Editor's note: This story appears on our websites as part of a partnership between Beacon Communications and East Bay Newspapers to share coverage of the COVID-19 crisis.
At her daily COVID-19 briefing Friday, Gov. Gina Raimondo explained the criteria being used to determine when the state is ready to move into a different phase of re-opening the economy.
She also advised high schools that as of now, administrators should plan on virtual graduation ceremonies only. She said that could change, however, by the time commencement exercises are held next month.
Rhode Island is currently in Phase 1 of the economy being re-opened, which began with the governor lifting her stay-at-home order on May 8. Non-essential retail stores have been allowed to re-open with some restrictions, and outdoor dining is an option that can begin Monday for those restaurants that have plans in place.
She said if residents keep following rules on social distancing and wear masks in public places, then the state will enter a new phase roughly every month. Phase 2, in which more businesses will be re-opened with restrictions being relaxed, is expected to begin in early June. Phase 3 should start in early July, she said.
The governor, along with Dr. Nicole Alexander-Scott, director of the R.I. Department of Health, announced 11 new COVID-19 related fatalities since yesterday, and 203 new positive cases.
Four different metrics
Raimondo outlined four different metrics that are being used to guide the state’s re-opening plan. She pointed out that every time restrictions are lifted during a new phase, the state has about two weeks to determine the impact the order has on the spread of the virus. If the impact is negative, then the state may return to an earlier phase, with more restrictions.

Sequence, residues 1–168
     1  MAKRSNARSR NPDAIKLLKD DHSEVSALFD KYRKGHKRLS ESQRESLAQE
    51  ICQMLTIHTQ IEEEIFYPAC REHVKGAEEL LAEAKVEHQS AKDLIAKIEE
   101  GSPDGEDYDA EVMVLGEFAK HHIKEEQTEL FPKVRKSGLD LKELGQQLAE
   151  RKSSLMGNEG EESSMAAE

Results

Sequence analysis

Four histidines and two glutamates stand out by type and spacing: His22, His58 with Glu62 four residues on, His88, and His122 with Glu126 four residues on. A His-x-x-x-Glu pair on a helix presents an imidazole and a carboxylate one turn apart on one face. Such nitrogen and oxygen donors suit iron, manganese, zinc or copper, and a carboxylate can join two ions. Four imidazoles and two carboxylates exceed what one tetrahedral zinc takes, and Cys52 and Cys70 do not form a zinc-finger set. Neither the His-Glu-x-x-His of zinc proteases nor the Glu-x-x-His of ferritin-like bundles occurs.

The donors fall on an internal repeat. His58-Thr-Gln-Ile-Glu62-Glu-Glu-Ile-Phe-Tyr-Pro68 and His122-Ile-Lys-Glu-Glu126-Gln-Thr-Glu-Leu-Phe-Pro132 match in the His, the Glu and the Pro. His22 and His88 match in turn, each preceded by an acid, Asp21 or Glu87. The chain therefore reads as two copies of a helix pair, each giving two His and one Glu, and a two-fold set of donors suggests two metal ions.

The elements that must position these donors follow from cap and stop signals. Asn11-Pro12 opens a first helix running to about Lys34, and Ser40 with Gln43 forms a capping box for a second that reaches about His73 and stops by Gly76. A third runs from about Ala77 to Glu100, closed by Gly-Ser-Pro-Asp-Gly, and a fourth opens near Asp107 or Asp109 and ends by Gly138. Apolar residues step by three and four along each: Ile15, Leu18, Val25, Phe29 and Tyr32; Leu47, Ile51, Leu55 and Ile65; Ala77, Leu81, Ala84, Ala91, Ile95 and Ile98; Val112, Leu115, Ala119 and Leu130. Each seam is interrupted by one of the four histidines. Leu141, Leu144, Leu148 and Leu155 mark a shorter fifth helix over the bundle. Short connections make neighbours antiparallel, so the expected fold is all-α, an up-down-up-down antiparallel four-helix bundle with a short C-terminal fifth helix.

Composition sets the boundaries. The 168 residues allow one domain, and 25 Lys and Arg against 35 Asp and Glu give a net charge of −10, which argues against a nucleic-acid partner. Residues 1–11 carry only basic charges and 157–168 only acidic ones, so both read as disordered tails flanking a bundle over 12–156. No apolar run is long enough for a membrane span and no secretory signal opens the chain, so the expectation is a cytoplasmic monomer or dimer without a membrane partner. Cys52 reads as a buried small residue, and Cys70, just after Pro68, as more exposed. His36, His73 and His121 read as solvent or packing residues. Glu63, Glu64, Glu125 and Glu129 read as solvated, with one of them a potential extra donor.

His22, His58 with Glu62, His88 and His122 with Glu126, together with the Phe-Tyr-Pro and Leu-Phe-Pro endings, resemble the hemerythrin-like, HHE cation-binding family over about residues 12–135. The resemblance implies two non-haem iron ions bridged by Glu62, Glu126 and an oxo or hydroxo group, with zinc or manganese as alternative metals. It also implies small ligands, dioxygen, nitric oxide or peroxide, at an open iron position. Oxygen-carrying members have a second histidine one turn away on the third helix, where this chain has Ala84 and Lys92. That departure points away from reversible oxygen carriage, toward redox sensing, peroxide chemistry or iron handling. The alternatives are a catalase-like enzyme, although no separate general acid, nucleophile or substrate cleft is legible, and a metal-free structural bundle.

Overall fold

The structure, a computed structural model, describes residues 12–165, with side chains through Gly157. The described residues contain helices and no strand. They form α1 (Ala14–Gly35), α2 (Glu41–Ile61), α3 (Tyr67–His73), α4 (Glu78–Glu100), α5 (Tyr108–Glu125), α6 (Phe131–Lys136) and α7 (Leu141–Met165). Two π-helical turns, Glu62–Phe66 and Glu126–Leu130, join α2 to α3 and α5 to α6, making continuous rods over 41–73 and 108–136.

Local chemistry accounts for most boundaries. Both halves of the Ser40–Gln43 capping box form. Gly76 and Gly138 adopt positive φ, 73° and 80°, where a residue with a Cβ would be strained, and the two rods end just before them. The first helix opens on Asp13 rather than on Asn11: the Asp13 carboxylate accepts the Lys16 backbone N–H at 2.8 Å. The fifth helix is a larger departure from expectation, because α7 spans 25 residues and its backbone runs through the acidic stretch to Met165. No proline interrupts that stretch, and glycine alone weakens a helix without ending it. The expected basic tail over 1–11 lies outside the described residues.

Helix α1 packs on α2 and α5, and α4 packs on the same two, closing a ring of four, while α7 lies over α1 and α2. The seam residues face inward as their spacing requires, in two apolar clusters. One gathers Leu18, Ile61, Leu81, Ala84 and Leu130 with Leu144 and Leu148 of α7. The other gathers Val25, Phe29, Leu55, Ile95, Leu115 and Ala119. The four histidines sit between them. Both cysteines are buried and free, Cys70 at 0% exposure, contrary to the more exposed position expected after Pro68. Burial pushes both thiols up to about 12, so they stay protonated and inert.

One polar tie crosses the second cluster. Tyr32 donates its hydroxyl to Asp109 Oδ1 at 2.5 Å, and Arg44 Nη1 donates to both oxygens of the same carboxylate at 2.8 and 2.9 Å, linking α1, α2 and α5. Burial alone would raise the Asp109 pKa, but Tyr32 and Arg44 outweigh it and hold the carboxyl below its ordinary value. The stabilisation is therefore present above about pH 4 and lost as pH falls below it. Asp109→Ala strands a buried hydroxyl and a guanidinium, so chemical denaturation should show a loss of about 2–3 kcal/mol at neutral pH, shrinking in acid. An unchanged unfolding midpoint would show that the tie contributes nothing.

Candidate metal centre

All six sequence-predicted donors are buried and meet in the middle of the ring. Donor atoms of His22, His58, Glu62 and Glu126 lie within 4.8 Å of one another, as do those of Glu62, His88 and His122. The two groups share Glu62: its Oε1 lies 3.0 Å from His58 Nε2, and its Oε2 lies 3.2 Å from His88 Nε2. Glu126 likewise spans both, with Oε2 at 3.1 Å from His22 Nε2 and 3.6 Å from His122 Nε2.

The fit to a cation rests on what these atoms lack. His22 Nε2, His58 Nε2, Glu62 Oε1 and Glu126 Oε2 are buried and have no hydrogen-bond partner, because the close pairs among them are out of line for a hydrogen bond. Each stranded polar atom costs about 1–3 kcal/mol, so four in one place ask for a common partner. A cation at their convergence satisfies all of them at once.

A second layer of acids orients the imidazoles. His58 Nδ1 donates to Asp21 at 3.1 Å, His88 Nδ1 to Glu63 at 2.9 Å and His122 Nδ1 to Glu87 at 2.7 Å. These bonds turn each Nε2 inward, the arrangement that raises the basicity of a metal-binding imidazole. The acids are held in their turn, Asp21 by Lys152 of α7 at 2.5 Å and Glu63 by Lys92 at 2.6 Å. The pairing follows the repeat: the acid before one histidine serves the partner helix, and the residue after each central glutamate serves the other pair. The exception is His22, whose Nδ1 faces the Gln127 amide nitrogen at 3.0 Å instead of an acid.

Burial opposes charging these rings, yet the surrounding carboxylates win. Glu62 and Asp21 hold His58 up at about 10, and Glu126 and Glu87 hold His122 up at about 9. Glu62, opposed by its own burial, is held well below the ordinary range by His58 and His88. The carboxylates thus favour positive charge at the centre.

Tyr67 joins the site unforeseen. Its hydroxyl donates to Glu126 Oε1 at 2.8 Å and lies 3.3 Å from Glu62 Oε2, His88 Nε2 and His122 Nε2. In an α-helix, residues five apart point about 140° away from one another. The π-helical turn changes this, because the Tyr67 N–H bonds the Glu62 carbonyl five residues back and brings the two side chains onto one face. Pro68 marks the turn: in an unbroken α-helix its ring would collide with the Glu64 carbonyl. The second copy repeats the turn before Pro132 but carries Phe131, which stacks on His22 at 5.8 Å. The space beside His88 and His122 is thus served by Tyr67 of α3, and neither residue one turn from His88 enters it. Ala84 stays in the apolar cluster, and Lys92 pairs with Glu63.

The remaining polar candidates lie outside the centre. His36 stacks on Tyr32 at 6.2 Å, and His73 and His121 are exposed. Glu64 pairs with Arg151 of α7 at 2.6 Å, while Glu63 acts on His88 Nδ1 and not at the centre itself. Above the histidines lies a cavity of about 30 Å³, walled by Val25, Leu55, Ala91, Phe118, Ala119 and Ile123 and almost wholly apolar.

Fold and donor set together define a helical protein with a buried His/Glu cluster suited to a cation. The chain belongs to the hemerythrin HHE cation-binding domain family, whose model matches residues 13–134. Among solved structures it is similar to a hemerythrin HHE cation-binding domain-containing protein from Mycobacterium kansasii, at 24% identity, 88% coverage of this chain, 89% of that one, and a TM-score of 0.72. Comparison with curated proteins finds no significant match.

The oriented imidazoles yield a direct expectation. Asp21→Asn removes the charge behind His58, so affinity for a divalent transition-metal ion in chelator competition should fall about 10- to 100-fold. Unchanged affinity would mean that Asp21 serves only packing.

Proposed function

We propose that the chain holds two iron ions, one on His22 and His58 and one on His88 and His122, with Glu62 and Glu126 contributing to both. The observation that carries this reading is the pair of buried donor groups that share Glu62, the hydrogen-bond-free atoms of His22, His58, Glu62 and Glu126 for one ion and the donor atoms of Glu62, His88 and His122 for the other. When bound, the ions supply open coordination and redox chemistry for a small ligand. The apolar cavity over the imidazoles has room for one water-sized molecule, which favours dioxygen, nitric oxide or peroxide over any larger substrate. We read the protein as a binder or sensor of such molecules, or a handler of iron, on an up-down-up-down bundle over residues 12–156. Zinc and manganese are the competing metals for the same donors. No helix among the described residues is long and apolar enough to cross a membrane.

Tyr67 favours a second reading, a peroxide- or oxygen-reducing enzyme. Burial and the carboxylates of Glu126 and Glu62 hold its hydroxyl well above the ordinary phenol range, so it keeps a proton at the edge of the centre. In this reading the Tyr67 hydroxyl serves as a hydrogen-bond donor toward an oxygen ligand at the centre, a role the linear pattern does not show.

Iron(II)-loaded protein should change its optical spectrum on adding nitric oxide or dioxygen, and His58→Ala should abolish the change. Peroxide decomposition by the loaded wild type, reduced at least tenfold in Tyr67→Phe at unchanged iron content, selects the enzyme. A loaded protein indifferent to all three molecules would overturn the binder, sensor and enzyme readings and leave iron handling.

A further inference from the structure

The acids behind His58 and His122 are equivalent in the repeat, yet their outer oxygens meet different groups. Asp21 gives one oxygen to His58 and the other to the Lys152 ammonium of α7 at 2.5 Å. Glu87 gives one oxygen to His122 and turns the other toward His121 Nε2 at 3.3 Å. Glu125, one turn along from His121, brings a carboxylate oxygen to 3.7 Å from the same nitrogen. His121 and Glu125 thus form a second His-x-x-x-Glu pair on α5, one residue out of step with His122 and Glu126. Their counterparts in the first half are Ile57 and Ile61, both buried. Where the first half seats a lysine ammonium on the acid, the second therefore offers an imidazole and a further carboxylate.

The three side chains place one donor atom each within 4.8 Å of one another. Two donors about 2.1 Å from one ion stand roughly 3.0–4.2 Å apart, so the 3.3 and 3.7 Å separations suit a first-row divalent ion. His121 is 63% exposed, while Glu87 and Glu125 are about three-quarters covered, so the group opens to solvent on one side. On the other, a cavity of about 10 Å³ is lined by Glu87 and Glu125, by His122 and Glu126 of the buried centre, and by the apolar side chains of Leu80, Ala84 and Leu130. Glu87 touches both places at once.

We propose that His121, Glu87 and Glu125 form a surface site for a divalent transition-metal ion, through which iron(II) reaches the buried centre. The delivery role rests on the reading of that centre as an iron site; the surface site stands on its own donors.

• Hospital capacity is the most important metric, she said. “We cannot allow us to get in a place where our hospitals get overwhelmed. It’s what you saw happen in Italy, it’s what you saw happen in New York City and other places,” the governor said, adding the state wants to make sure anyone can get a hospital bed at any time. If the state continues to see fewer than 70 percent of hospitals beds filled, it’s safe to move on to the new phase, she said.
• New hospitalizations is a good indicator of the trend being seen with the virus, she said. “If we’re below 70 percent of hospital bed capacity but we’re seeing a spike in new hospitalizations, that’s a sign something is happening and we may not be able to move forward.”
• The rate of spread, which epidemiologists indicate using the “R” value, is another metric. An R value of 1, for example, indicates that one person with COVID-19 is infecting just one other person. “That’s a stable place; it’s a number that our system can handle,” Raimondo said. An R value of 3, however, which is where Rhode Island started out, “is a scary place to be,” she said. The state is currently at an R value of 1 or slightly less, she said. If it rises to 1.3 to 1.5, however, “that means the virus is picking up steam” and it may be time to move back a phase, the governor said. This statistic can “absolutely” be controlled by residents through wearing masks, washing hands, staying six feet away from others, and getting tested and self-quarantining if sick, she said.
• Doubling rate of hospitalizations is the final metric used. If hospitalizations double every 30 days or more, which is expected, the state could move to a new phase. But if they double every 20 days or less, the governor said she’d have to move the state back a phase with more restrictions.